The OZpcs-RS40 is a 40kW Power Conversion System (PCS) intended for battery-based energy storage applications. The PCS is designed to be mounted in a standard 19” rack, and easily paralleled to scale power capability. All hardware interfaces are located on the front panel, utilizing pass-through type terminal blocks for simple daisy chained cable or bus bar power connections. Similarly, the Modbus and digital I/O signals are provided on redundant, high density, 15-pin D-Sub connectors, which also allow for simple daisy chain cabling. When using Modbus to control multiple, paralleled PCS there are several things to consider, including termination, addressing, and broadcast messaging.
In a previous post, I discussed how the Volt/VAR function can be used to provide grid voltage stabilization during over and under-voltage conditions. In addition to stabilizing out of tolerance voltage conditions, over and under-frequency grid conditions can also be mitigated using Frequency/Watt functionality. In a manner similar to Volt/VAR, the Frequency/Watt function will automatically generate real power commands based on grid frequency measurements.
To support grid voltage stabilization during over and under-voltage conditions, UL1741 certified smart inverters, such as the OZpcs-RS40, can be configured to automatically absorb or inject reactive power based on grid voltage measurements. This behavior is commonly referred to as Volt/VAR control and is implemented using a configurable array of points, that when combined, define a linear, piece-wise curve that results in the desired Volt-VAR behavior.
Traditionally, grid energy storage systems (ESS) have been one-off solutions, utilizing proprietary software and hardware components. As such, each installation requires time consuming, custom integration. Often times proprietary vendor hardware or software protocols require "hacks" to get all components to play nice. Ultimately this approach results in higher costs, decreased reliability, and limited scalability and upgrade options.
This post is first in a series discussing the subsystems and key components that go into a grid tie inverter (GTI), and design considerations for development of a practical commercial system. The majority of topics will apply equally to active front-ends (AFEs), and active rectifiers (more on the subtle differences between these two is covered in Active Front-end or Grid Tie Inverter?). We’ll use the term GTI in a general sense for this series, and point out differences from AFEs and active rectifiers when relevant.
Before delving into the details, let’s first examine what a GTI is by comparing it to the more familiar voltage mode inverter (VMI). A VMI is a DC to AC converter. It generally is intended to source power into a load, and thus has a low output impedance to maintain a stable output voltage with varying loads. A GTI is also a DC to AC converter, but it is generally intended to source power into a low impedance utility grid, so its output impedance is therefore high. Addressing these dissimilar operating characteristics requires a different output filter topology, a different control loop implementation, and a different reference implementation. Secondary requirements that arise from things like startup and fault handling impose further distinctions between the two, which we will explore later on.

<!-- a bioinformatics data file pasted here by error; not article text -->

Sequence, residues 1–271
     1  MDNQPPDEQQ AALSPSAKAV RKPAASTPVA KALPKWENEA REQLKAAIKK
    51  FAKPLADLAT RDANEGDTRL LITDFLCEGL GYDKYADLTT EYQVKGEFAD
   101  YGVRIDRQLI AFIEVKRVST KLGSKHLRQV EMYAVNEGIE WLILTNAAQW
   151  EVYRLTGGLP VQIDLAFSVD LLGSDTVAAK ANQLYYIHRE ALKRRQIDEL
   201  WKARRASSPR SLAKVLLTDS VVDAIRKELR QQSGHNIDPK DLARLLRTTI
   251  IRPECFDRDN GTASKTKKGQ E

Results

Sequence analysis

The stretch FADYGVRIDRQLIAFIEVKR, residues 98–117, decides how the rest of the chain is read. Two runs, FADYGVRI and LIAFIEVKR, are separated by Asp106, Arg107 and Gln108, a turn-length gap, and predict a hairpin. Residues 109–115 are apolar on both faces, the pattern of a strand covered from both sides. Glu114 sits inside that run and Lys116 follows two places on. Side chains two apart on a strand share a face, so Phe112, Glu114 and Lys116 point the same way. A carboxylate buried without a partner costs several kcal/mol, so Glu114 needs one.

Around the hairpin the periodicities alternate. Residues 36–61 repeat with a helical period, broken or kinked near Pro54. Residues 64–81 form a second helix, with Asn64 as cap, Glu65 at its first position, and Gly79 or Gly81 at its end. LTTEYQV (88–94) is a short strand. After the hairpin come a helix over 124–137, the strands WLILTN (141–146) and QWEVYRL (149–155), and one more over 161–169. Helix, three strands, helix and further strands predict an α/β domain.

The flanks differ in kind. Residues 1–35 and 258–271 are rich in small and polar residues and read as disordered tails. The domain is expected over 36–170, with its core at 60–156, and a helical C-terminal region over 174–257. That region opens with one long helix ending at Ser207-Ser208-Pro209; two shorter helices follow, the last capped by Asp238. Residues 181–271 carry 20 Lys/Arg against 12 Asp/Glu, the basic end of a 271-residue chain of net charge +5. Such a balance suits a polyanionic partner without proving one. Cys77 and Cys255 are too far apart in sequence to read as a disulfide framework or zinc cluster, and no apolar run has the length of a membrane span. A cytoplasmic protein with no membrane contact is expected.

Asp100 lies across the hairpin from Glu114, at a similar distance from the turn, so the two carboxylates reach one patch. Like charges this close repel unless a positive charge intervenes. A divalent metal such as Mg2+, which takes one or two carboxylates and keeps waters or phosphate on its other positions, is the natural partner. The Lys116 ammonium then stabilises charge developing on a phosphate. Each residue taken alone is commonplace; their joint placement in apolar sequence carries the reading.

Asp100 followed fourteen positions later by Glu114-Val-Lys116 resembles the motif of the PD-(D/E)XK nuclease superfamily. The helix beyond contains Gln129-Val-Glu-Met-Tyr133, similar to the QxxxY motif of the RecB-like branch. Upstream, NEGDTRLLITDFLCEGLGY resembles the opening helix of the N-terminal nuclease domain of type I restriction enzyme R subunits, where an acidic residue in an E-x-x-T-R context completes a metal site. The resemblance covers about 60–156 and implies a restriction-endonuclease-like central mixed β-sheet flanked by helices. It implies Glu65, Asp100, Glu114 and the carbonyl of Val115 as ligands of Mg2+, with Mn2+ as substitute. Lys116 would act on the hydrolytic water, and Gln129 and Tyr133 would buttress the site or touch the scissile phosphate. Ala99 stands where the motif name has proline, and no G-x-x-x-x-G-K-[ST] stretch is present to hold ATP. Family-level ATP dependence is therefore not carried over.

Topics: Grid Tie Inverter
A common question we field regarding Grid-Tie inverters goes something like "Can I interface to a 480V grid with a 680V DC Link?". To answer this question, lets consider a typical Grid Tie Inverter or Active Front End application as illustrated in the figure below.
In non-isolated, grid-tie inverter applications, it is common practice to connect the neutral point of the 3-phase AC grid to earth ground. Unfortunately, this creates a problem for DC link common mode filtering. Typical control methods utilize space vector modulation to control the power stage, which introduces a common mode voltage in order to maximize the DC link voltage utilization. When you connect a capacitor between DC link and neutral, the space vector common mode voltage is impressed across it. Unless the capacitor is very small, it will adversely effect operation, often leading to control loop instabilities. In addition, this capacitor will tend to resonate with the grid connect filter, causing further behavioral problems.
Topics: Grid Tie Inverter
A few days ago Beacon Power announced that their installation of the world’s first 20MW Flywheel plant is currently operating at 18MW, and is expected to be running at full, 20MW capacity before the end of the month. We’re pretty excited about this at Oztek, as we provide the controls for both the grid tie inverter that interfaces with the grid, and the sensorless permanent magnet motor drive used for the flywheel in Beacon's system. This program posed many design challenges, and it’s always extremely satisfying to see things finally come together, particularly on something as large and complex as this.
One reason engineers specify active rectifiers (a.k.a. active front-ends) for their systems is that they can operate with near unity power factor. Being nearly the same system (see my recent post "Active Front-end or Grid Tie Inverter?"), grid tie inverters share this same beneficial characteristic. However, this does not mean that an active rectifier or grid tie inverter must operate with near unity power factor, and in fact, we can use this to our advantage in certain applications. This also implies that we may not want to specify power factor as a means of quantifying how well the system minimizes AC line current harmonics.
Topics: Grid Tie Inverter